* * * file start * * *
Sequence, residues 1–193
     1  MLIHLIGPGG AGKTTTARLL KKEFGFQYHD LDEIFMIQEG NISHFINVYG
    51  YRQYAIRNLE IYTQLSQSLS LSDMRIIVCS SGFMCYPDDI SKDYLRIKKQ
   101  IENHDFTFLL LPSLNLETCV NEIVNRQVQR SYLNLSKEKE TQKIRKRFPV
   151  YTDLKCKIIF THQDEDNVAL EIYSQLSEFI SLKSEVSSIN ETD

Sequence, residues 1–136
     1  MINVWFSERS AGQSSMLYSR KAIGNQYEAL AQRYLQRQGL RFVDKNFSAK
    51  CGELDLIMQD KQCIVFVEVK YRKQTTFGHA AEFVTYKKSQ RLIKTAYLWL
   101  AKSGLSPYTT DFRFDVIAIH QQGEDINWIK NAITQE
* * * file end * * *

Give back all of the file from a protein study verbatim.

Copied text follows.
Sequence, residues 1–193
     1  MLIHLIGPGG AGKTTTARLL KKEFGFQYHD LDEIFMIQEG NISHFINVYG
    51  YRQYAIRNLE IYTQLSQSLS LSDMRIIVCS SGFMCYPDDI SKDYLRIKKQ
   101  IENHDFTFLL LPSLNLETCV NEIVNRQVQR SYLNLSKEKE TQKIRKRFPV
   151  YTDLKCKIIF THQDEDNVAL EIYSQLSEFI SLKSEVSSIN ETD

Sequence, residues 1–136
     1  MINVWFSERS AGQSSMLYSR KAIGNQYEAL AQRYLQRQGL RFVDKNFSAK
    51  CGELDLIMQD KQCIVFVEVK YRKQTTFGHA AEFVTYKKSQ RLIKTAYLWL
   101  AKSGLSPYTT DFRFDVIAIH QQGEDINWIK NAITQE